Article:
I found the next chapter, “Toward Integration in the Society of Friends,” even more disheartening, because change in Quaker Meetings has been even slower than in schools. By telling the stories of many African American Quakers who are nurtured by the silence of worship and quiet contemplation, the authors lay to rest the widely held view (still heard in some Quaker Meetings today) that African Americans have “a different worship style” and don’t feel “comfortable” in Quaker worship. Imagine the racial composition of our Quaker Meetings today if we had dumped that demeaning attitude and welcomed African Americans! Instead, we delayed their membership applications interminably, insisted that they occupy separate seating and otherwise treated them as second-class Quakers at best. We don’t practice such blatant discrimination today, but the reality implied in the book’s title is hard to deny. Friends work for freedom, peace, and social justice, but only rarely do we develop true friendships across racial lines.

As McDaniel and Julye comment almost too gently, “That so little progress has been made in integrating Friends meetings and that integration took so long to take effect in Friends schools raises questions about Friends willingness to accept African Americans as social equals.” Their painful conclusion hits home: “Quakers have been unwilling to confront their own racism and/or they do not know how to respond to racial issues.”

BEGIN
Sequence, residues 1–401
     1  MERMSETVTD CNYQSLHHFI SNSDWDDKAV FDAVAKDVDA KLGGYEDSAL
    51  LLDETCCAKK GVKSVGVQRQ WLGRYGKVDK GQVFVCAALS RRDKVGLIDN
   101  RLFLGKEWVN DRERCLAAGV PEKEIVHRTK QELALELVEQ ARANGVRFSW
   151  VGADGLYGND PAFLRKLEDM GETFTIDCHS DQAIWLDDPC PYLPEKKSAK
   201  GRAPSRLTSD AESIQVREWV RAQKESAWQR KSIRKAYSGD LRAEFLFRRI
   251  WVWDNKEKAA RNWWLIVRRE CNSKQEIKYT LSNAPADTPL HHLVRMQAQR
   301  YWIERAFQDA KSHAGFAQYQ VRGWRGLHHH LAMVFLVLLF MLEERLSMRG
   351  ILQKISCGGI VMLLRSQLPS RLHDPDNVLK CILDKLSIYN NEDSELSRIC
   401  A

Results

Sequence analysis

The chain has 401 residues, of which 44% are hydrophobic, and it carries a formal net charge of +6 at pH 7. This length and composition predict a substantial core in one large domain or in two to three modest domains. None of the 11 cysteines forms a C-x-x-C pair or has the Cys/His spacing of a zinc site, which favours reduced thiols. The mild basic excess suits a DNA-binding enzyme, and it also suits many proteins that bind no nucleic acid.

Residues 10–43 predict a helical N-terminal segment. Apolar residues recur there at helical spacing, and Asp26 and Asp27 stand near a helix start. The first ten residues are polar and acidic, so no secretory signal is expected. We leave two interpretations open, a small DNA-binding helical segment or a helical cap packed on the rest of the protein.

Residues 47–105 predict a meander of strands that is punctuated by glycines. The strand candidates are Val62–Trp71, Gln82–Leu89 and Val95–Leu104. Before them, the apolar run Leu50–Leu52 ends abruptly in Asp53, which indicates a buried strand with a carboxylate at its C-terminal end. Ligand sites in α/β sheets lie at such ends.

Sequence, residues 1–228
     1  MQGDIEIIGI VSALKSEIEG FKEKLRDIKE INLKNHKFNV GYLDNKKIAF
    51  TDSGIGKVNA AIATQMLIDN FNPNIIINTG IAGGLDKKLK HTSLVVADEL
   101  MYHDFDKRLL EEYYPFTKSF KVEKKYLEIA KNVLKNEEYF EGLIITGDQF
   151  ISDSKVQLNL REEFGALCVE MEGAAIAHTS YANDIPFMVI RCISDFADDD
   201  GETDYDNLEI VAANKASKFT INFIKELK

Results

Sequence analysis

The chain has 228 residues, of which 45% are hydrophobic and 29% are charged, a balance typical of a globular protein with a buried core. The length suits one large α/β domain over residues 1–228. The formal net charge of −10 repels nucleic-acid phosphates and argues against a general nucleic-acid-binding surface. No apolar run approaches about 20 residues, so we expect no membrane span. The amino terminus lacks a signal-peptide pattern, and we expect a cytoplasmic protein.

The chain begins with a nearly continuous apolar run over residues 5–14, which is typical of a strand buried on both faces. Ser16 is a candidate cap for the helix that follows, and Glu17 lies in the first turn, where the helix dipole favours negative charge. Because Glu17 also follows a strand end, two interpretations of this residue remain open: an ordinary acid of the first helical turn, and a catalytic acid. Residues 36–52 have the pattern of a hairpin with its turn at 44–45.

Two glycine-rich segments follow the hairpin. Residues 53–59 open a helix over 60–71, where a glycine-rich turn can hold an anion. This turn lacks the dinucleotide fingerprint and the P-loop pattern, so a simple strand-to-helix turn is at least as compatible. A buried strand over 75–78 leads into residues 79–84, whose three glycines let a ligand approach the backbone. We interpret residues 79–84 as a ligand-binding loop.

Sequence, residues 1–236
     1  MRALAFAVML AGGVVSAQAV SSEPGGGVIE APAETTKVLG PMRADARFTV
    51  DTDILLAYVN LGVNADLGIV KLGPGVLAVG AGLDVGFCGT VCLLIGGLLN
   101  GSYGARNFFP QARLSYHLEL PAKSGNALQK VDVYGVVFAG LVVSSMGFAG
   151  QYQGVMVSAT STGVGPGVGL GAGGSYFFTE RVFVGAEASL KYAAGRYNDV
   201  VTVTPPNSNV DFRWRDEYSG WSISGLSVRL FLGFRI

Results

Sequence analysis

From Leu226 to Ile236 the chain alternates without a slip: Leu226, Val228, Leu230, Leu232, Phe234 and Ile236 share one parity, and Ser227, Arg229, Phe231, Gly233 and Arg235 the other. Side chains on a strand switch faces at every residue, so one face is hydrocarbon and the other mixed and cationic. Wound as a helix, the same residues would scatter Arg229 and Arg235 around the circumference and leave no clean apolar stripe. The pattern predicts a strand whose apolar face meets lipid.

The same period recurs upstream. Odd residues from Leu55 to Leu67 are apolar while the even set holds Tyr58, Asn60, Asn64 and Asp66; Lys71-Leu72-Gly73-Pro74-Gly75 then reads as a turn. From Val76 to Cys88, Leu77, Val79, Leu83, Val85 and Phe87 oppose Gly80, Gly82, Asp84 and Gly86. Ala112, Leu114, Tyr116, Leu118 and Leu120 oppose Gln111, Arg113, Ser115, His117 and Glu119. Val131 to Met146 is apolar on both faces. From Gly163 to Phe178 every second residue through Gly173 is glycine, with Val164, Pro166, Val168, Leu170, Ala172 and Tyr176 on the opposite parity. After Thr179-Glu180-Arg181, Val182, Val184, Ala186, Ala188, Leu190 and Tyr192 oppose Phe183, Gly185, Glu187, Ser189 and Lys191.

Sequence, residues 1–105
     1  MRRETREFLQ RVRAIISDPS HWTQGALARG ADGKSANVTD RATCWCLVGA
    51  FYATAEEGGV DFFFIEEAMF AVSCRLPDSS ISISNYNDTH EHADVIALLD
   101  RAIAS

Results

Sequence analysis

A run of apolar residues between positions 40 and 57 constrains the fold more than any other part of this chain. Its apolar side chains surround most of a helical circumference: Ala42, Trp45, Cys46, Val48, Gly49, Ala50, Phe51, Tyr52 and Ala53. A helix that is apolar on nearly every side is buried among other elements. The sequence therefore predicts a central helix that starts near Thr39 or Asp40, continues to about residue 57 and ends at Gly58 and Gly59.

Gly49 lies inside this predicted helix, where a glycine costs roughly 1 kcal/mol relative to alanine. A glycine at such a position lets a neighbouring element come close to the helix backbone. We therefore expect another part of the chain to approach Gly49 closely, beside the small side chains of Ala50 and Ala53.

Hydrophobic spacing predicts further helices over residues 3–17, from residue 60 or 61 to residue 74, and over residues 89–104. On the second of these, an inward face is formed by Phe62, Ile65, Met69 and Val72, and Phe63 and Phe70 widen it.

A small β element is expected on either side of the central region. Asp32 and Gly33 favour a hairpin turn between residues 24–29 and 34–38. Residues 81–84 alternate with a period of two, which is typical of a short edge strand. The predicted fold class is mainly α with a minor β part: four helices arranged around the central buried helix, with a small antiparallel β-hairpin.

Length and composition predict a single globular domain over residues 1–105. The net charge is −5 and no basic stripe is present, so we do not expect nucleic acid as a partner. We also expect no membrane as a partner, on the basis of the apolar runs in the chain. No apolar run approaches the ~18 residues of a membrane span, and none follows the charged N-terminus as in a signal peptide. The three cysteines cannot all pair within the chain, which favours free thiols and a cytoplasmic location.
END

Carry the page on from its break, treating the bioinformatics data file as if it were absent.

Confronted with such disturbing realities, white Friends might be tempted to descend into paralyzing guilt. The authors counteract this tendency by making positive suggestions throughout the book and devoting the last 36 pages to recommendations for how Friends can bear witness against racism. I found some of the proposals frustratingly vague, and sometimes wrote “How?” in the book’s margins. However, most were eye-opening and practical. For example, the authors urge us to consider the images on the walls of our meetinghouses and the literature on the racks and to ask ourselves to what extent they reflect the concerns and culture of African Americans. If the images are mostly European American, writes Vanessa Julye, then “I feel invisible.” As a further support to positive action by Friends, Friends General Conference has published a study guide to help meetings, groups and individual Friends to “process more deeply the issues presented in the book.”

I believe that Fit for Freedom, Not For Friendship will be looked upon as an indispensable resource for years to come for anyone who wants to gain an honest and comprehensive understanding of Friends’ relationship to the African American community and especially its quest for justice.

Neither its length (548 pages), its scholarly footnotes (nearly 2,000), nor its 12-page bibliography should deter anyone from reading this impressive, well-written, meticulously researched, and often moving book.

Richard K. Taylor served on Philadelphia Yearly Meeting’s Race Relations Committee and worked in an AFSC program to overcome racism in housing. In 1963, he founded and directed the Fair Housing Council of Delaware Valley. In the late 1960s, he was named to the staff of Martin Luther King Jr.‘s Southern Christian Leadership Conference. More recently, he and a colleague of African American descent led a six-year “racial healing process” in Germantown’s St. Vincent de Paul Catholic Church.